The arc and the arrow is the path the kettlebell travels in the drop from overhead. The red dot is where one would approximately start bending at the hips.

Stiff back after Kettlebell Swings

If you’re experiencing a stiff back after kettlebell swings (American, Russian, or any other swing) it can be due to premature hip flexion, lack of mind-muscle connection, fatigue, too heavy, too much, not enough rest, or insufficient recovery. Premature hip flexion is what I referred to above with following the kettlebell, and the same principle applies when you’re swinging a kettlebell. You do not want to bring the bell further away from you after full extension (standing straight) and the weight is on its way down.

Below is a detailed video I recorded to go paired with this information. You can see all incorrect techniques in action, frame by frame in slow motion, and I’ll also demonstrate the correct technique. Note that the sound quality is bad but the content is worth it.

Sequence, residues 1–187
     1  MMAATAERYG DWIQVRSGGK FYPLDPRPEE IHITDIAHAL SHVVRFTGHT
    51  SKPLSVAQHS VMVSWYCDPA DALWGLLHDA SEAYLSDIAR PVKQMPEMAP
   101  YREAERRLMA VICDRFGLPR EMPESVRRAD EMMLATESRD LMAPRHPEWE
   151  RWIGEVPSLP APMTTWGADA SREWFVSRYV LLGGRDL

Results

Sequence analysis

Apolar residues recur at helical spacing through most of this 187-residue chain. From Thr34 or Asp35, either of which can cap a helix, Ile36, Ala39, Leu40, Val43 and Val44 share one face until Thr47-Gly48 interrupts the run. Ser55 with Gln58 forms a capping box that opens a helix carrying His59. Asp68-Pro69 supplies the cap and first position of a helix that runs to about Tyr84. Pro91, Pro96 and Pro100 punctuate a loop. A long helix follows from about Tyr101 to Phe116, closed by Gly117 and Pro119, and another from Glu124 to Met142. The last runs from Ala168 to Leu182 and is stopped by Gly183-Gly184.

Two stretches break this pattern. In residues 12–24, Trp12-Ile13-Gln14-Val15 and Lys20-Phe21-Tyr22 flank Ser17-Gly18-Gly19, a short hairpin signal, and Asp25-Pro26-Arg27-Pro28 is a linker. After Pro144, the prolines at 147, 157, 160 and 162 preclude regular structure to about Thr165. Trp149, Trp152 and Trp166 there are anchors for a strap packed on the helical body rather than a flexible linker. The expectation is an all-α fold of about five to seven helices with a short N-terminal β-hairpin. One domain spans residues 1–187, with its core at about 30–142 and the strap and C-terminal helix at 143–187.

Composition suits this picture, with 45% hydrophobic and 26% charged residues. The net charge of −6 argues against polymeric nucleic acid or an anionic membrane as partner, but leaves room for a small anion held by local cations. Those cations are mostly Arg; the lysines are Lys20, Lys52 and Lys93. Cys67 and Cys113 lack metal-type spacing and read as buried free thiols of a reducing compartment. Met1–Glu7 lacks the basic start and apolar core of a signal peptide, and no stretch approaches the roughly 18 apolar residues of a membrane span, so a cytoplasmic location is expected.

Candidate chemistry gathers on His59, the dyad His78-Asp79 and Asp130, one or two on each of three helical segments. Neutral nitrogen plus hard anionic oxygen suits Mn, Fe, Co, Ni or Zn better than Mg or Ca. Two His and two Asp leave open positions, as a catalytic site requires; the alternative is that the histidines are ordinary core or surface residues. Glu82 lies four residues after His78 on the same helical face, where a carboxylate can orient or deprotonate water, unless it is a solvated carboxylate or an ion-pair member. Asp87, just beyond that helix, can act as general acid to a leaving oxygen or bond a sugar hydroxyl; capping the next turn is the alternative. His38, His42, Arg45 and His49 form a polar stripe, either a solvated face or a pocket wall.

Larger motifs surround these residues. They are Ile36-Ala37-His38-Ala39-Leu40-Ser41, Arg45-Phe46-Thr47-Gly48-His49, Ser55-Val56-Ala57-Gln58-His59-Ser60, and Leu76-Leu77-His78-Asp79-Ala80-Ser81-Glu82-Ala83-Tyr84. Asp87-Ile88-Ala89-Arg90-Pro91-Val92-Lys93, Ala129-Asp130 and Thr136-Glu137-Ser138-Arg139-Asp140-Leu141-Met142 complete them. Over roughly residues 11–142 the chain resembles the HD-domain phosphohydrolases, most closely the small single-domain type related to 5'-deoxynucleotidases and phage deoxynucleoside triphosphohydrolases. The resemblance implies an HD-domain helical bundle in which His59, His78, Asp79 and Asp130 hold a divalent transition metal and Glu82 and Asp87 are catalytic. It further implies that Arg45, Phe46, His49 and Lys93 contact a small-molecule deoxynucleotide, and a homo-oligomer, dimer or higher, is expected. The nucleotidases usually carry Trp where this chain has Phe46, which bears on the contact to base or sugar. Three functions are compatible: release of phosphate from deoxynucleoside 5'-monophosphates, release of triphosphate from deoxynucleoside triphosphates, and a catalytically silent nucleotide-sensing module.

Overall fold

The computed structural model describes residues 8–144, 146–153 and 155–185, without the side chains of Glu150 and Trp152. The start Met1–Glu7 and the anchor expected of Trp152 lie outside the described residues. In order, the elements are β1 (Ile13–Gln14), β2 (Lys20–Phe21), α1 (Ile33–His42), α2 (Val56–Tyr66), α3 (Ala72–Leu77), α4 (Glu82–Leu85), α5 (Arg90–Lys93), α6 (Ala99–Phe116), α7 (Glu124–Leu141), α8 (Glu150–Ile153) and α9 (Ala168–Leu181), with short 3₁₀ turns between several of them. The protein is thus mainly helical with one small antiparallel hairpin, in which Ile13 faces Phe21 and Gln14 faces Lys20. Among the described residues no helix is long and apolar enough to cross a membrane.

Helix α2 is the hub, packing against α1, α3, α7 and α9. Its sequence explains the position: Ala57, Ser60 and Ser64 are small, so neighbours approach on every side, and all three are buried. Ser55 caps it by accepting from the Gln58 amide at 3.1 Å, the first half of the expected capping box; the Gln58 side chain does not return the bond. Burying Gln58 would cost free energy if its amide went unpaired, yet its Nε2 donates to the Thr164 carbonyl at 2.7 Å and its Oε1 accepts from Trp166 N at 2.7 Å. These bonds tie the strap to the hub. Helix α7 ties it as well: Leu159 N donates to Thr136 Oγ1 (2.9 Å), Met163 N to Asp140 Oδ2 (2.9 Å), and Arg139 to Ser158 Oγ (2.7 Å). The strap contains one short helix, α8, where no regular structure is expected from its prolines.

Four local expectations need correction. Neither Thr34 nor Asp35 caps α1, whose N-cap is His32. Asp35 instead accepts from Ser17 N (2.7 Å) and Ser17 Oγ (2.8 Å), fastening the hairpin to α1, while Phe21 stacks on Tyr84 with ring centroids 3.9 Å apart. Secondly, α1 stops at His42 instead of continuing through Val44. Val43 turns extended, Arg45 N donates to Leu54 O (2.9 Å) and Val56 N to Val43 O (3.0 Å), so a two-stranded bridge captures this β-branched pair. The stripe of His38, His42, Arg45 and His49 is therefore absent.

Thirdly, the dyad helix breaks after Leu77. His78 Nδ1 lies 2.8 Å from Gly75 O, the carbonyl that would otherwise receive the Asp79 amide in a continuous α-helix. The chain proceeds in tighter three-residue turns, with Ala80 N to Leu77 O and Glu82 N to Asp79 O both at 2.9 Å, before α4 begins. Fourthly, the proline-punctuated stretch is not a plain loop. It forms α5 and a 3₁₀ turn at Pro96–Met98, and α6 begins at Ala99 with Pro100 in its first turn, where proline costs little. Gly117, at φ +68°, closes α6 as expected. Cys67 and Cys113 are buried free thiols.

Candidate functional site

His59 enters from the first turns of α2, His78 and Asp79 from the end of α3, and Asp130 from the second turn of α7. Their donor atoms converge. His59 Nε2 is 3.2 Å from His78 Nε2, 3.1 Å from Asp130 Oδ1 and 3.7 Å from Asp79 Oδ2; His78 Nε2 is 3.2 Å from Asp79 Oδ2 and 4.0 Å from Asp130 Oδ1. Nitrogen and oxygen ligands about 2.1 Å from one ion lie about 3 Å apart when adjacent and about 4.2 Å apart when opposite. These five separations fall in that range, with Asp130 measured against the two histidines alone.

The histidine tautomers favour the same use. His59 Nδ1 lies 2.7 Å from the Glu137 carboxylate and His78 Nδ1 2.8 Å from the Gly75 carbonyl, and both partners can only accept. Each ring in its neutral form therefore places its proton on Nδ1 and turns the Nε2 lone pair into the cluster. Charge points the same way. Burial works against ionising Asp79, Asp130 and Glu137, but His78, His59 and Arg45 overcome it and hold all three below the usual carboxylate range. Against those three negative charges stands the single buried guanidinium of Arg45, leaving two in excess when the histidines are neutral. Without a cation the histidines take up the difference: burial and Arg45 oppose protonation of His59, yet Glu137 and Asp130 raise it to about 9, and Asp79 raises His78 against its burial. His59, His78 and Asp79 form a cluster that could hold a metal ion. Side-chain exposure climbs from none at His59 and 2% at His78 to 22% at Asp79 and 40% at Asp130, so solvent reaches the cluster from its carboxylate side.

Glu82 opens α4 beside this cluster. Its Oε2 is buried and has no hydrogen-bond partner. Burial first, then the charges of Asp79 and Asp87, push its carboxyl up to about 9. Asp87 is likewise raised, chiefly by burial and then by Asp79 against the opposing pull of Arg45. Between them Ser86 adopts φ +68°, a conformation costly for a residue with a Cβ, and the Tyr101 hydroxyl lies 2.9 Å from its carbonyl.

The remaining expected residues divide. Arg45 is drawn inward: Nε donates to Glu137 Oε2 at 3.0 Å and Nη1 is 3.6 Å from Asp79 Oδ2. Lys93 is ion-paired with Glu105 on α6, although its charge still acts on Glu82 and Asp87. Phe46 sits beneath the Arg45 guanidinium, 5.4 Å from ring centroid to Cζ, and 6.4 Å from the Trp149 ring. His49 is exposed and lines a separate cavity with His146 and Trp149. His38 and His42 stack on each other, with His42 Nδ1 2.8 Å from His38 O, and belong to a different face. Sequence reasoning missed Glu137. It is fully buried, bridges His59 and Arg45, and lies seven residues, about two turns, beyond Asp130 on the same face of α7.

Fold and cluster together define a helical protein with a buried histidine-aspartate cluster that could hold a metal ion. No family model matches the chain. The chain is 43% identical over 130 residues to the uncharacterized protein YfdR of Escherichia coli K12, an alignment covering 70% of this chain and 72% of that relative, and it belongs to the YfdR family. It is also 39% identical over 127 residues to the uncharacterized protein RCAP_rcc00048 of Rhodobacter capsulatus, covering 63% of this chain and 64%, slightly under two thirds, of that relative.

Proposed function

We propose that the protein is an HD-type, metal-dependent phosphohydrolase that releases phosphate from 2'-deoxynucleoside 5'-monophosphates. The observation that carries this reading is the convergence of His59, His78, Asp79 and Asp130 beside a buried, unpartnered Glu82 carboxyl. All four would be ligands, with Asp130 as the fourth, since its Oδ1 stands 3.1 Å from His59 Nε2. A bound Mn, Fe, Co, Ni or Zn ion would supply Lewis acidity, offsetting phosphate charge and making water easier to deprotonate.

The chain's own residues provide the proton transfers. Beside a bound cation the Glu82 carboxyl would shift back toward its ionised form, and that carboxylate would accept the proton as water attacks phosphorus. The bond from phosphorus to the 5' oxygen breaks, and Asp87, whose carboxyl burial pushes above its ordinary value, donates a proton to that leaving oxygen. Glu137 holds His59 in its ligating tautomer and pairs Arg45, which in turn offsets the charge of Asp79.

Let’s talk about the forces and moment of force (torque) taking place during the lift and why incorrect form may lead to injuries and lower back pain.


Center of Mass: The unique point where the weighted relative position of the distributed mass sums to zero. By moving one’s body, one’s changing its center of mass.
Distance (d): Horizontal distance between the weight of the kettlebell and the lifter’s center of mass.

Moment of force (torque): Rotational force (product between distance and force). Just as a linear force is a push or a pull, a moment of force can be thought of as a twist to an object. The moment of the kettlebell applied on the lifter’s body is equal to the distance “d” multiplied by the kettlebell’s weight. So, by lowering the distance “d”, one’s lowering the moment of force (torque) applied. This torque is critical on the lower back.